I will be speaking on 'Medical Marijuana and Workers' Comp" Sticky Situations" for the Philadelphia Bar Association- Workers' Compensation Section Lunch & Learn CLE:
Friday, February 22, 2019 12:30 to 1:30 PM. 1101 Market Street, 11th FloorPhiladelphia, PA 19107
I currently represent (5) injured workers across the state who are seeking to have their carrier reimburse their out-of-pocket expenses for medical marijuana. These cases are in various states of litigation,
Three of these workers are off opiates after many years of use. Their injuries date back to 2009, 1992 and 1977!! All three were forced off opiates by their comp carriers, who are now refusing to reimburse their MMJ costs. All three report better pain relief and quality of life on MMJ versus opiates.
My other two clients have opted to use MMJ to treat their more recent but very serious injuries with MMJ instead of going down the bumpy road of opiates. One told me that, after using MMJ, it was the first time they experienced being: "pain-free" since their injury.
Pennsylvania is currently considering expanding the list of conditions that qualify for medical marijuana beyond the current 21 and are accepting public comments: Click here to submit comments.
Confused about medical marijuana terminology? Here are some common terms:
MMJ: Medical Marijuana. Generally contains significant amounts of THC as well as lesser amounts of other cannabinoids and terpenes (defined below). Medical marijuana is the same thing as marijuana, though the intended use is different and the formulations are geared towards treating medical conditions.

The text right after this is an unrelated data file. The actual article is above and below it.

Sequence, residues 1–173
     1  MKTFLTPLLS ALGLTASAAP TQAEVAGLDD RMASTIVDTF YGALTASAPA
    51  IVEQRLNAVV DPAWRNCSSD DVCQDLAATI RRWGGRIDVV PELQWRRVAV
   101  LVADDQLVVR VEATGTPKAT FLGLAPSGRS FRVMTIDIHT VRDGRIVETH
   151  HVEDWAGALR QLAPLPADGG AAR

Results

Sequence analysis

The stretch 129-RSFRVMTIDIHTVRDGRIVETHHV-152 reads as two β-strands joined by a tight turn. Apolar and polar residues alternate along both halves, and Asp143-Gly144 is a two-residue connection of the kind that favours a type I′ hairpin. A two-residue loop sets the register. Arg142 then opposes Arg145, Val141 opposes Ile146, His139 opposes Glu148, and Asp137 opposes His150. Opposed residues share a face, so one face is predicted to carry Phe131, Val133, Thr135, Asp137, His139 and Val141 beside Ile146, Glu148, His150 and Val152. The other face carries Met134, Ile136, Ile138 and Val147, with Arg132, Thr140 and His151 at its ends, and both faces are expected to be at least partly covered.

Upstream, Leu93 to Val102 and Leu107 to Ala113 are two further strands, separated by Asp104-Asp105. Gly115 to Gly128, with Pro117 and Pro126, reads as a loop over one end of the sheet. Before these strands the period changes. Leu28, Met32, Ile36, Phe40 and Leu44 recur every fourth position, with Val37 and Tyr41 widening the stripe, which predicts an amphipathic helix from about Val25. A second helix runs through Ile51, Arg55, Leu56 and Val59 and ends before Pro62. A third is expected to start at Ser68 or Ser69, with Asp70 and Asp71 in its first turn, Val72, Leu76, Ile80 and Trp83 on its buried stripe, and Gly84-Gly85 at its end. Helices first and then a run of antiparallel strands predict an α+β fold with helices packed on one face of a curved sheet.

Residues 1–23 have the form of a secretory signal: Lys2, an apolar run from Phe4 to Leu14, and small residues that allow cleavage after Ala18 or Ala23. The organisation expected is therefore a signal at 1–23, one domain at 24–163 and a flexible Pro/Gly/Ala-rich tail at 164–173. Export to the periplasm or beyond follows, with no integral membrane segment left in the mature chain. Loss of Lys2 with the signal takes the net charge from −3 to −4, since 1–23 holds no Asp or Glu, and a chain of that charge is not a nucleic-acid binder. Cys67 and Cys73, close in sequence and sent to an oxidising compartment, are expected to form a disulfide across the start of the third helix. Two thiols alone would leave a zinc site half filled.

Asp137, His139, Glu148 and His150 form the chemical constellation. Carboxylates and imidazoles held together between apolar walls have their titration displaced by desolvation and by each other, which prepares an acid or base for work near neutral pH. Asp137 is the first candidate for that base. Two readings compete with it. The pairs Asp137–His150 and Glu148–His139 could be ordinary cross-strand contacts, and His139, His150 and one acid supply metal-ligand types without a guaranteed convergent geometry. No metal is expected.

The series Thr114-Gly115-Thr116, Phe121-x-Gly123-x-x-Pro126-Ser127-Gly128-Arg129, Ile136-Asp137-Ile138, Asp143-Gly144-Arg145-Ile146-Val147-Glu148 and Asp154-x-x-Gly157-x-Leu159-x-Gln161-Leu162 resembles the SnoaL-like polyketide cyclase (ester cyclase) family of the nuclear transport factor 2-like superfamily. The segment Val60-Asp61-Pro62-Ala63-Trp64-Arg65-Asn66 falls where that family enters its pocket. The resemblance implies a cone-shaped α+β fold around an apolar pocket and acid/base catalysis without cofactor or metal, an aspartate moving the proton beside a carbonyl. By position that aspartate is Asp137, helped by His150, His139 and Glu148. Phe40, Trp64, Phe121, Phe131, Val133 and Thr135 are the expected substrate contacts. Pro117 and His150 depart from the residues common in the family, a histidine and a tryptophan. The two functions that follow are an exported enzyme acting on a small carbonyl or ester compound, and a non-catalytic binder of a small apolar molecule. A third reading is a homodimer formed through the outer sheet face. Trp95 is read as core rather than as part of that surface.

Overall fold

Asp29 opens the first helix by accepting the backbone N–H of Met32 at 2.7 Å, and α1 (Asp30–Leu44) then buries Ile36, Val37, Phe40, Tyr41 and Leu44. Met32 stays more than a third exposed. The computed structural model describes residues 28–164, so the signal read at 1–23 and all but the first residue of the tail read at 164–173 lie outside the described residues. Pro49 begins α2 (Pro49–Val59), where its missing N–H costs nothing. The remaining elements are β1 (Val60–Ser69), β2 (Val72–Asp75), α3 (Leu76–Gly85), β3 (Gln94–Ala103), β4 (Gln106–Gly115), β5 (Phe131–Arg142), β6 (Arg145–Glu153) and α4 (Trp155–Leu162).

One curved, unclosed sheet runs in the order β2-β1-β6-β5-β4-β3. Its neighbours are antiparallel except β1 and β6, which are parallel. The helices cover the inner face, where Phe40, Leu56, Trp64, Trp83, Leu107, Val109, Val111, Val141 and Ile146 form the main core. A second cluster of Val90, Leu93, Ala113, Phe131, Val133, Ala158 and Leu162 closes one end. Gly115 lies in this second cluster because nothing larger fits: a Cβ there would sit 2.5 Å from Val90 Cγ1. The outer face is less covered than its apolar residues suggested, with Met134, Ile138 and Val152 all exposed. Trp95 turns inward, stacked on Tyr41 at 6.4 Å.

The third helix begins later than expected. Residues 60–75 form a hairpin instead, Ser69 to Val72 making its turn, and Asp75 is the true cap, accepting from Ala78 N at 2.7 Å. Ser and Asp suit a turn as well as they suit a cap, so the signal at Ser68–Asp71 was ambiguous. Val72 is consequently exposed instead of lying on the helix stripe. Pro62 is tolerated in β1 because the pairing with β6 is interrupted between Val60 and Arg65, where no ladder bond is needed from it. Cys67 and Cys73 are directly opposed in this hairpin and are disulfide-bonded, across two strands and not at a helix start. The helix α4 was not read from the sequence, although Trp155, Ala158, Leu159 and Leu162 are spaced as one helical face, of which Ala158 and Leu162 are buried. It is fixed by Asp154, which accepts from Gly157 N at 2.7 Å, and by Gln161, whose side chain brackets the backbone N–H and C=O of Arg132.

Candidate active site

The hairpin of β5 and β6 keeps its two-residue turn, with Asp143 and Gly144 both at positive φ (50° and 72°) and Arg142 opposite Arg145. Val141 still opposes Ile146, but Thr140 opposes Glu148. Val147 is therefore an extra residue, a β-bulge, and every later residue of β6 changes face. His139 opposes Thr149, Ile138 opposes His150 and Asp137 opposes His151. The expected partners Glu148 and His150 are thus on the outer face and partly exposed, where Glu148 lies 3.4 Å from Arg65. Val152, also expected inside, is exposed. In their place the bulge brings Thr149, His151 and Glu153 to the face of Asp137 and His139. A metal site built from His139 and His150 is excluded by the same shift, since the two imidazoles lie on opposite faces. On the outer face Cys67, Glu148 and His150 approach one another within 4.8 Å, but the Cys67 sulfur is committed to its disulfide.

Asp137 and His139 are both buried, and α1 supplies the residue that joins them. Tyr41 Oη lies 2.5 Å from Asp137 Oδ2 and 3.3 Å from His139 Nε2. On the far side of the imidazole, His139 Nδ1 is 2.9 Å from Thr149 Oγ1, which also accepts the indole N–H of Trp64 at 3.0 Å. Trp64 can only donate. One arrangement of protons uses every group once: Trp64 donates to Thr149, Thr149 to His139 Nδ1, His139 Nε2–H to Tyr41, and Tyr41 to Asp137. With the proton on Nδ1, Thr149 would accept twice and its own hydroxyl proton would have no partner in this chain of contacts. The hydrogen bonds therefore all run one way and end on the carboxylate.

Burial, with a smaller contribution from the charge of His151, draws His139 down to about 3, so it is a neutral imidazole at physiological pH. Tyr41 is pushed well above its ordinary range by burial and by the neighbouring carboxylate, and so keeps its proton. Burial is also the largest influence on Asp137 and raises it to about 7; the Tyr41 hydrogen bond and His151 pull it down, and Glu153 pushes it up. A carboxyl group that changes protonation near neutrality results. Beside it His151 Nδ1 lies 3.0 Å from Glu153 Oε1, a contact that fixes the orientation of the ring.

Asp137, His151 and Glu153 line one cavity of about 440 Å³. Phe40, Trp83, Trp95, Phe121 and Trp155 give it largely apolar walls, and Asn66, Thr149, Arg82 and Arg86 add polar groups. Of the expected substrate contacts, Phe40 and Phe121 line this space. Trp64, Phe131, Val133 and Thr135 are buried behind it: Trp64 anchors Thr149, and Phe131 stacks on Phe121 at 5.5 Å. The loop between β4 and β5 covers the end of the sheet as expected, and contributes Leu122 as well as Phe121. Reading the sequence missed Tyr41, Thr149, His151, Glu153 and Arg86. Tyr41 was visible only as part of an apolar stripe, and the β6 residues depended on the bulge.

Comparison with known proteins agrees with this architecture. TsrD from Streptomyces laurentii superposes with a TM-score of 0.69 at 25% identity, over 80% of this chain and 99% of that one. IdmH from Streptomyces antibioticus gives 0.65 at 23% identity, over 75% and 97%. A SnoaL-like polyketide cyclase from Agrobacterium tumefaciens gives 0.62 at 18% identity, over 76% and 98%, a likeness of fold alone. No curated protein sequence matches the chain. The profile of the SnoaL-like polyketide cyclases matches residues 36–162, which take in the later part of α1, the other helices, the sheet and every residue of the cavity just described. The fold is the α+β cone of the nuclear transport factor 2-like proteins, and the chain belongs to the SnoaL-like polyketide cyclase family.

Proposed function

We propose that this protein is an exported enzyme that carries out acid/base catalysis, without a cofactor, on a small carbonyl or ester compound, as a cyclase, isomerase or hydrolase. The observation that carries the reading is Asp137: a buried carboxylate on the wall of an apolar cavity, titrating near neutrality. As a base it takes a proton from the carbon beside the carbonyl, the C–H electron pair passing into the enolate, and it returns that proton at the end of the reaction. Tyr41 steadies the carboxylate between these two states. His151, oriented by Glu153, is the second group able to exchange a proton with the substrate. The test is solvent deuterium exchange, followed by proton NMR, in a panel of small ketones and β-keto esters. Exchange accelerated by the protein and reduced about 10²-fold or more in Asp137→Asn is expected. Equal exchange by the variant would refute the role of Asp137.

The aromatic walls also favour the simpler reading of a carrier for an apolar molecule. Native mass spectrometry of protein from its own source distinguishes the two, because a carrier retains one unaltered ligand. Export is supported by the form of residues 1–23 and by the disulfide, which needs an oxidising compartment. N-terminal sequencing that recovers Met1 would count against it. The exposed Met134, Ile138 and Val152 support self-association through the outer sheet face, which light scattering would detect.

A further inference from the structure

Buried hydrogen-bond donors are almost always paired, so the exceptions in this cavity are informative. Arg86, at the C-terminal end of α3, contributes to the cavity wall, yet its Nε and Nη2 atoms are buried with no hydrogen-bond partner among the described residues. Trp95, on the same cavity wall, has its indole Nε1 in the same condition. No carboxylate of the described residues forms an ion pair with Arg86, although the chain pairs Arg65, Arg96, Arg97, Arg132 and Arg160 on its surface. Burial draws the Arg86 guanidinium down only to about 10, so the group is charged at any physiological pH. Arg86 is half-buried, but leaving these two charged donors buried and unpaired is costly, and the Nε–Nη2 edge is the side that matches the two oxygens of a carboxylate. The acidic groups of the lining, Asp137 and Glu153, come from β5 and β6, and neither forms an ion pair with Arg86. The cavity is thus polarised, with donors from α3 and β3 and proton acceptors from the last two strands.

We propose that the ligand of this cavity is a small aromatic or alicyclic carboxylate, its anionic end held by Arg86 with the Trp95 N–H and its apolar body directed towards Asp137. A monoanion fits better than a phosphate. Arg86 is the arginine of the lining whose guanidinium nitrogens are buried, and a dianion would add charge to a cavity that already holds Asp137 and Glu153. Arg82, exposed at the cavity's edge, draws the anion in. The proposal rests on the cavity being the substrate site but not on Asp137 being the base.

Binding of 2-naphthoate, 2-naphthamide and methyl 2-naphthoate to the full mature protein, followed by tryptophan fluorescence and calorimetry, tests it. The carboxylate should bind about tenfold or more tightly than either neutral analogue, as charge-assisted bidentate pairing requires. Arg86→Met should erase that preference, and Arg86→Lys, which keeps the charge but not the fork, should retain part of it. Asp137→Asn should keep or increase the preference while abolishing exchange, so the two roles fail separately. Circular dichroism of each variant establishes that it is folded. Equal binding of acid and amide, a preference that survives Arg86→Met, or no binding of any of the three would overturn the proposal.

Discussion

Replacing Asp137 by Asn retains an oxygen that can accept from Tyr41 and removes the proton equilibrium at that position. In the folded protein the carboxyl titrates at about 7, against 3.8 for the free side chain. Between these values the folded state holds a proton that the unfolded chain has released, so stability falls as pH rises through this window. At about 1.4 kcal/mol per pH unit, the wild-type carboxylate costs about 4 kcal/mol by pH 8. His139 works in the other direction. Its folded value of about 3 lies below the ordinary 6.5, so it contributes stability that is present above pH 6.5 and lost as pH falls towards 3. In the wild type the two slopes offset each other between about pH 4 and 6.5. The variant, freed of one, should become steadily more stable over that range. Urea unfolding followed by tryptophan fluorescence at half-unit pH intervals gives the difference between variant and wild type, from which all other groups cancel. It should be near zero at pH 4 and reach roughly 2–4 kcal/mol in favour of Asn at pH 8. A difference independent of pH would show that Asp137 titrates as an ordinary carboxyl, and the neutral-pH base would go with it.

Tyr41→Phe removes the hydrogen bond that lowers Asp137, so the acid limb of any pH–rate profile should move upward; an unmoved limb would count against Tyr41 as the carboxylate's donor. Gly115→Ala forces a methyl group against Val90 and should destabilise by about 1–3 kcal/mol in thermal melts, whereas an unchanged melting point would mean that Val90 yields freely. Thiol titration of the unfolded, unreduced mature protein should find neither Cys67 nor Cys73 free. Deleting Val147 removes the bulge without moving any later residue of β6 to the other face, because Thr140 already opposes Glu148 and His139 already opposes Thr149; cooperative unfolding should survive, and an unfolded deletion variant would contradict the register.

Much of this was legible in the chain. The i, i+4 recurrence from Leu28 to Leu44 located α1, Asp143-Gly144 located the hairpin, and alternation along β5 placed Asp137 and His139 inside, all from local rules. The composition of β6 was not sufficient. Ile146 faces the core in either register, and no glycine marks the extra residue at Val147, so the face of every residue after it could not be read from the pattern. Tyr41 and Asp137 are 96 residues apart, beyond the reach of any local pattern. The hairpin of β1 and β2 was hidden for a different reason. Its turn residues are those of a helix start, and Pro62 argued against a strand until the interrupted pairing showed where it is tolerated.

Cannabis Sativa: The plant. Marijuana and hemp are two types of this plant.
Hemp (aka Industrial Hemp): A cousin of marijuana, the hemp plant contains significant amounts of CBD and trace to no THC. Hemp-based products do not get you high. CBD products are extracted from hemp, not marijuana, as marijuana contains only small amounts of CBD.
Hemp is also used to make fibers, food and even plastics.
Cannabinoid: Compounds found in cannabis (marijuana & hemp) which act on the body's endocannabinoid system and produce varying effects.
THC: (Tetrahydrocannanibol): The cannabinoid in marijuana responsible for the 'high,' also has analgesic, anti-spasm and appetite.enhancing properties.
THCv:(tetrahydrocannabivarin); This cannabinoid is believed to be beneficial in reducing appetite and has anti-convulsant and anti-anxiety properties.
CBD: (Cannabidiol): This cannabinoid has anti-anxiety, analgesic and anti-inflammatory properties and does not get you high.
CBN:(Cannabinol): Mildly pschoactive, has sedative effects.
CBG:(Cannabigerol): Has anti-inflammatory properties.
Terpenes: Essential oils found in all plants, including cannabis, which add flavor and are believed to interact with cannabinoids and either enhance mood or and/or moderate side effects such as sleepiness.